This afternoon I took three of my grandchildren “to the tree.” They love it there. Our street has two islands which separate the two lanes of our road. In the middle of each island, there are trees and bushes which are quite mature. Some of the trees are conifers and appear to be some kind of cedar. There are huge, low hanging branches just right for climbing.
It’s been a hot day and the kids have been inside all day and so have I. It’s time for a break. So, I offered to take the kids “to the tree!”
Once there, Isabel, my granddaughter scurries up to her favorite branch; while David, my oldest grandson, occupies himself with a frayed rope dangling from a higher tree branch. My younger grandson, Jonathan, is playing on shorter rope which used to be a swing.
Up till now, the kids have enjoyed their parents being away, attending to other responsibilities. They remained out of sight and quiet, being mesmerized by the television and other electronic devices in the cool, comfortable environment of our home.
Isabel “adores” the tree. Ignoring the heat, she scurries up to her favorite branch. David gets quickly bored and wants to go home, complaining about the heat. Planting the idea in his younger brothers had is easy. “Can we go home now Pop–Pop?” Since we’d only been there for less than 10 minutes, I declined the offer and told them to enjoy the outside and climbing on the tree. The arguments and suggestions which ensued did not win me over.
After about two minutes, Jonathan, the younger grandson, walks up to my wheelchair and places his hand on my arm. “Are you hot Pop–Pop?”
“No, Jonathan, I am fine,” I replied.
“Well, you know you shouldn’t get overheated. It’s not good for you; I think you’re too hot and we had better go inside.”
“Nice try Jonathan. We’re going to stay a little longer.” While I appreciated his concern, I wasn’t convinced that it was genuine! (Nevertheless, we did come home in a few minutes.)
This incident reminded me of a quote I had read while working on a Sunday school lesson: “every day in a thousand ways I make myself the center of the universe.”
It’s true; isn’t it? We all maneuver to gain an advantage. Everyone, in one way or another, ultimately looks out for their own best interests, even though we may not be aware of it. We frequently deceive ourselves into thinking we have better motives than we actually do. We think as if the whole universe revolves around us.
Left to ourselves, we would continue in our self-deception and blindness. God, however, loves us too much to leave us misinformed. He has spoken and given us a written record meant to both reveal our self-centeredness and remedy our condition.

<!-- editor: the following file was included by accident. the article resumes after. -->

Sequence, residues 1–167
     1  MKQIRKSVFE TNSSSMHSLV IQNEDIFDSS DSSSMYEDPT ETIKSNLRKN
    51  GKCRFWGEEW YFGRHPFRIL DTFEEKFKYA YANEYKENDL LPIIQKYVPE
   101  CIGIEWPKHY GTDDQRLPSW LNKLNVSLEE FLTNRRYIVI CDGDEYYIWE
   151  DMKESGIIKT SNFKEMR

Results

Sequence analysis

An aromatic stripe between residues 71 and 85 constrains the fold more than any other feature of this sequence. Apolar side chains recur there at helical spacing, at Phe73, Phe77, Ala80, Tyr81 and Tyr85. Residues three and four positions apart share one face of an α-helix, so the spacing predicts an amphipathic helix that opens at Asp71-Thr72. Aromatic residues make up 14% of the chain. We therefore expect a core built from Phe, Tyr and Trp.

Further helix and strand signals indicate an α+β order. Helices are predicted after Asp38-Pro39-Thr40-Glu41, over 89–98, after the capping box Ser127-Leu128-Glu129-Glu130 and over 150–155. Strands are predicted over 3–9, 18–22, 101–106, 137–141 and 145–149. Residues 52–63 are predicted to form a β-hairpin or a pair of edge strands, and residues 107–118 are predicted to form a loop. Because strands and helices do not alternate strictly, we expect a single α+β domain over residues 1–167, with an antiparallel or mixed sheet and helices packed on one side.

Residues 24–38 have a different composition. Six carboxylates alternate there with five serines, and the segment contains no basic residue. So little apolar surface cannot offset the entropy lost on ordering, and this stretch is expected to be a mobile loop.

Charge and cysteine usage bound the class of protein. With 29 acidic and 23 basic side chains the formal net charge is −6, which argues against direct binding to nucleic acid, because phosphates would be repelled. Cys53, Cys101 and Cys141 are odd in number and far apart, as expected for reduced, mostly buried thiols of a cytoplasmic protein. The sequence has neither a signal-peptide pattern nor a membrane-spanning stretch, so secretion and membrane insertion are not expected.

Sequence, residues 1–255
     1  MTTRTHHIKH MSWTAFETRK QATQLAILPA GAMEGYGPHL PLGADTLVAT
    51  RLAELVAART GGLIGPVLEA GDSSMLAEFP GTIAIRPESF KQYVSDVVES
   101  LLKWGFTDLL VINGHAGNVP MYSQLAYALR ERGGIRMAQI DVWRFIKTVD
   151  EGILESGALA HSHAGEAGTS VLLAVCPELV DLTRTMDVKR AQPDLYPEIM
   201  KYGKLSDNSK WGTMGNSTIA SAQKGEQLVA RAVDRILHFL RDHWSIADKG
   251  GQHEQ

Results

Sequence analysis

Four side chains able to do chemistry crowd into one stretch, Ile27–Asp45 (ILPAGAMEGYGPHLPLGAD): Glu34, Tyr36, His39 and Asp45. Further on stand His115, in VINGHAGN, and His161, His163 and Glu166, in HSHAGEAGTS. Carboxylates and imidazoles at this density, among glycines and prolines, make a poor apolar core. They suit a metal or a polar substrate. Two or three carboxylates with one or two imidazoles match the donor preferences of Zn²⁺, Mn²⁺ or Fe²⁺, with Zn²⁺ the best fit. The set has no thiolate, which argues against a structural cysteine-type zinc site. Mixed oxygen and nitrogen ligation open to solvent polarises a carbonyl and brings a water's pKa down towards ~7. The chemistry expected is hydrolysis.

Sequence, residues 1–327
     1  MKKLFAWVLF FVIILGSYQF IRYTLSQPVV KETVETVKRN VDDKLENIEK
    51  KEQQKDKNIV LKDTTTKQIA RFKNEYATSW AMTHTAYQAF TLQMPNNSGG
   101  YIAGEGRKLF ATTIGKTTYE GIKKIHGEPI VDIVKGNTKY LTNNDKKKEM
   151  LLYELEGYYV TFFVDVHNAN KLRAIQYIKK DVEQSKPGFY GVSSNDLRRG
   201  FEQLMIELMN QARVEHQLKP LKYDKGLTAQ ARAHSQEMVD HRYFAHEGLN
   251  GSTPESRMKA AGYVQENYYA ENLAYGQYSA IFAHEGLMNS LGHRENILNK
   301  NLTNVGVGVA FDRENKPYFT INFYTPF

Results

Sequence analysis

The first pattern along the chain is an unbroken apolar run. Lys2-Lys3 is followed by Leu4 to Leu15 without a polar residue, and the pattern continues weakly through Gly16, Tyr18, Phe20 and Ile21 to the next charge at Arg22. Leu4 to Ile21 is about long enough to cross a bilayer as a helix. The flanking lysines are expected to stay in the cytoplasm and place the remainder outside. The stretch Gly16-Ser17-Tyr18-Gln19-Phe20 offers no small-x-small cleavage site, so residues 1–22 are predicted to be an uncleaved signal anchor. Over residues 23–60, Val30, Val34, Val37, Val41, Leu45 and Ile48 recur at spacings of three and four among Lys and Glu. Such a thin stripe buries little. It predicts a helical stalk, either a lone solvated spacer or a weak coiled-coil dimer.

In the Bible, God has graciously revealed crucial facts which we desperately need to know:
Shocker: I am not the center of the universe. (And neither are you.)
Shocker: There is a God who has clearly revealed himself in the Bible; he cares far more about obedience, justice, righteousness, and love that I could ever imagine.
Shocker: God has clearly disclosed essential truths which impact our relationship to him:
- Self-centeredness is a huge and personal affront to God. I have sinned.
- God’s sense of justice demands satisfaction. I am guilty.
- I deserve to be punished for offending God. I am doomed.
- God loves people far more than we deserve. We are in a desperate condition. I am loved.
- God promised and provided for our deliverance by sending his Son, Jesus Christ to restore our relationship by taking the punishment which we deserve. He did this by experiencing a cruel death on a cross. I can be delivered.
- Jesus offers forgiveness to everyone, but only grants it to those who are trusting in him alone for forgiveness. Jesus is my only hope, and I trust in him.
- God restores our relationship and renews me so that I have a growing desire to please him more than I desire to please myself. I want to obey and please my God and Savior.
- God reveals many more things in his word, the Bible, which I wish to understand and put into practice. I want to know God better.
You might be thinking, “That’s a pretty big jump from a little boy’s cute comments to cosmic concepts or unseen realities.” And I would agree, “It is.” But this just shows how much we need God’s truth. When our first parents, Adam and Eve, sampled the forbidden fruit of the Tree of the Knowledge of Good and Evil, it seemed like a small thing to them. But by it, their first act of disobedience plunged future generations into persistent rebellion and blindness. Their only hope was for their Creator to become their Savior. God did this through Jesus Christ.
“… but God shows his love for us in that while we were still sinners, Christ died for us.” (Romans 5:8)
Did you notice my inconsistency as I went through the above bullet points? Sometimes I wrote in the plural, and sometimes the singular. The initial statements were plural and apply to everyone. While the singular statements reflect my personal responses and affirmation. Thus, the “we” and “I” vacillation. My point is that these universal truths must be personally grasped and acted upon. Or to put it another way, I have and I hope you have or will too.
(If you would like biblical verification for any of the above statements, please let me know. I will be happy to provide them.)